According to Cisco’s 2023 Consumer Privacy Survey, younger consumers are taking deliberate action to protect their privacy, as 42 per cent of consumers aged 18-24 exercise their data subject access rights, compared with just 6 per cent for consumers 75 and older. Many say they have lost trust in organisations because of their use of artificial intelligence (AI), and 50 per cent of respondents look to the government to set rules and enforce privacy protections. The survey also provides early insights on generative AI (GenAI), revealing that only 12 per cent of respondents identify as regular users. From shopping to streaming services and to healthcare, 48 per cent of survey respondents agree that AI can be useful in improving their lives. A majority of respondents (54 per cent) said they are willing to share their anonymised personal data to help improve AI products and decision-making.

Nevertheless, as per the study, 62 per cent of surveyed consumers expressed concern about how organisations are using their personal data for AI today, with 60 per cent saying that they have already lost trust in organisations because of their AI use. Organisations can implement measures to (re)gain customer trust, such as auditing products and solutions for bias, being more transparent and explaining how the AI works, ensuring human involvement, and instituting an AI ethics management program.

Commenting on the report, Dev Stahlkopf, executive vice president and chief legal officer, Cisco, said, “The world is watching how companies will approach AI in a responsible way. For Cisco, this means keeping a keen focus on respecting privacy and human rights as we incorporate AI technology.”

Meanwhile, the survey also provides an early snapshot of the use of GenAI and some of the potential risks and privacy challenges. GenAI is still relatively new to most people. Over half (52 per cent) of survey respondents said they were not aware of it. Of those that use GenAI regularly (12 per cent), only half indicated that they were refraining from entering personal or confidential information into GenAI applications. It is notable that the other 50 per cent may indeed be entering personal or confidential information. This is despite 88 per cent of respondents indicating that they would be “somewhat” or “very” concerned if their data entered in GenAI were to be shared.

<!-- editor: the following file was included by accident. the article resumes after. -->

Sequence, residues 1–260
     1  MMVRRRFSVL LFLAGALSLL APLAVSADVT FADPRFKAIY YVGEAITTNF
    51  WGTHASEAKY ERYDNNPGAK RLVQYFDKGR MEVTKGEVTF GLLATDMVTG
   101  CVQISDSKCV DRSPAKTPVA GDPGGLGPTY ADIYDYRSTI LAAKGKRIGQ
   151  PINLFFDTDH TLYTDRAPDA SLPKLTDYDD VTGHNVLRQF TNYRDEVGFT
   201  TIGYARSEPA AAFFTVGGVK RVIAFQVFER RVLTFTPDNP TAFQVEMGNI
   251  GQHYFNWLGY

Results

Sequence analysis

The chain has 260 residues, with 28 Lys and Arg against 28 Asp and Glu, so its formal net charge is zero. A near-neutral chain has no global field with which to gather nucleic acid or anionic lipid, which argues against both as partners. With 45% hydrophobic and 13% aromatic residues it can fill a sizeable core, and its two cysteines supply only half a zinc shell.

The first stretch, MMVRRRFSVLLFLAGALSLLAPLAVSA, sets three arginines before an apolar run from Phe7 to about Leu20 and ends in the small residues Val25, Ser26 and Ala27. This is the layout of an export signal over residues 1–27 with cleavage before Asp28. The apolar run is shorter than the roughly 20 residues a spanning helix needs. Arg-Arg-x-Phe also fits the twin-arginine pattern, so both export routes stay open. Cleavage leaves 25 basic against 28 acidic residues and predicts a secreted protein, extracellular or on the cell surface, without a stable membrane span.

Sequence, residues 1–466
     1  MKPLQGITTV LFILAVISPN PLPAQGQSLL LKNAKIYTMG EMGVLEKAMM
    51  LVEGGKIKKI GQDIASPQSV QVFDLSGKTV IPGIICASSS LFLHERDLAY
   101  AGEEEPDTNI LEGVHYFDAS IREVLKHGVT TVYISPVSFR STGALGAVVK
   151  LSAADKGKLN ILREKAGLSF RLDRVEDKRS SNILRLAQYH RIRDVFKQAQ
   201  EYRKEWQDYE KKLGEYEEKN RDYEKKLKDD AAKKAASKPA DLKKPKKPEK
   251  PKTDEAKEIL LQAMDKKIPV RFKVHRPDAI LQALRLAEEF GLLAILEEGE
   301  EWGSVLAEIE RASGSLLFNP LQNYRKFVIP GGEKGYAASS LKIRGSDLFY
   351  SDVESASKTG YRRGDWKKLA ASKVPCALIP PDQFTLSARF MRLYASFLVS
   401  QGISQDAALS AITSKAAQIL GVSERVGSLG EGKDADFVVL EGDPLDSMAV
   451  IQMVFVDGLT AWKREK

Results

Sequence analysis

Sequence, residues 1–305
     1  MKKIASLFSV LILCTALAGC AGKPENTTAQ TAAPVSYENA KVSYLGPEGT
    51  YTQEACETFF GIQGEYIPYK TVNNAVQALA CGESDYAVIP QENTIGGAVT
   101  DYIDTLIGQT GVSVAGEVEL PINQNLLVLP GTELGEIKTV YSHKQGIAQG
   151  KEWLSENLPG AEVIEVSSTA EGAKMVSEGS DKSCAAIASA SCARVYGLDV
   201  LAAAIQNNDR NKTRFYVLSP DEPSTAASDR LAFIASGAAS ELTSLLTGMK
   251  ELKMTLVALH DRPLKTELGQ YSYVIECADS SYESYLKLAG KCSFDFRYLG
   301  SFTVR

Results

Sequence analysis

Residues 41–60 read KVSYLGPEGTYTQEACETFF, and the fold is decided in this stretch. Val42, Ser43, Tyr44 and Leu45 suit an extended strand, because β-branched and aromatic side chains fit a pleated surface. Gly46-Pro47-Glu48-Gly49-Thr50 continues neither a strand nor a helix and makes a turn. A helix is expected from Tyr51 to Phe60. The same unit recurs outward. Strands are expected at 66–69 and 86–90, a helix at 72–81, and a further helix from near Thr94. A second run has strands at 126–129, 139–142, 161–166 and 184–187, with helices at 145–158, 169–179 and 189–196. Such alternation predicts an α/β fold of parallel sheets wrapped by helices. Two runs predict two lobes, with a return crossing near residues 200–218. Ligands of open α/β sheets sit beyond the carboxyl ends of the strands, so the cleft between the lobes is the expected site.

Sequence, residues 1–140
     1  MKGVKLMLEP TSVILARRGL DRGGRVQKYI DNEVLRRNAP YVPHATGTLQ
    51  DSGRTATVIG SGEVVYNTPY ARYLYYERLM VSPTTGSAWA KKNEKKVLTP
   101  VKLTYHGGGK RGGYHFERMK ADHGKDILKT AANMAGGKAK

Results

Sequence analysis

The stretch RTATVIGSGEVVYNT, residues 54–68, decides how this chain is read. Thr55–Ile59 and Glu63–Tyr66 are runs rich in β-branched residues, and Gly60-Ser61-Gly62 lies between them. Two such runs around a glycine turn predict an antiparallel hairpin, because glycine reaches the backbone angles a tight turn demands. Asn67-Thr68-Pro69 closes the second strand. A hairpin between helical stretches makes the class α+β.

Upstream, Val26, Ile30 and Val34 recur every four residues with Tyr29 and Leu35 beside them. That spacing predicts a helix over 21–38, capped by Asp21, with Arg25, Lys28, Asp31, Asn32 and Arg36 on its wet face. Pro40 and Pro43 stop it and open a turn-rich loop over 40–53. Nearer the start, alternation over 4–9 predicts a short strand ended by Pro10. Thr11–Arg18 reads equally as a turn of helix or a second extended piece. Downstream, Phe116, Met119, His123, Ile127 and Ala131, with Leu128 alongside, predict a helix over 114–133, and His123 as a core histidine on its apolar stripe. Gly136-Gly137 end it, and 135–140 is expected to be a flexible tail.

Further, this year, 33 per cent of respondents qualify as “privacy actives”: they care about privacy, are willing to act to protect it, and have acted, for example by switching companies or providers because of their data policies or data sharing practices. Younger consumers are the most willing to take action to protect their privacy. 42  per cent of consumers, aged 18-34, are privacy actives, a  percentage that steadily decreases with age. The  percentage of consumers requesting data deletions or change rose to 19 per cent, up from 14 per cent last year. Again, this is highly correlated with age: 32 per cent of consumers aged 18-24 make data deletion or change requests compared to only 4 per cent of older consumers.

The survey notes that public awareness of privacy laws continues to be relatively low with 46 per cent of respondents aware of their country’s privacy law. Those who are aware of the law are more likely to feel they can adequately protect their data: only 40 per cent of those unaware of their country’s law feel they can protect their data compared to 74 per cent of those who are aware of the law. 68  per cent of consumers aged 18-24 feel they can protect their data, and this gradually declines to 47 per cent of consumers over age 65 saying so. However, many consumers look to the government to set the standard of care and enforce privacy protections. Half (50 per cent) of respondents said national or local government should have the primary role in protecting data, whereas 21 per cent said private companies should be primarily responsible for protecting data.

Meanwhile, Harvey Jang, vice president, deputy general counsel and chief privacy officer , Cisco said, “As governments pass laws and companies seek to build trust, consumers must also take action and use technology responsibly to protect their own privacy.”

Consumers are split on the value of data localisation. Most have heard about such requirements, and 76 per cent indicated initially that data localisation might be good. However, when considering the cost associated with it, thereby making products and services more expensive, only 44 per cent were in favour of data localisation.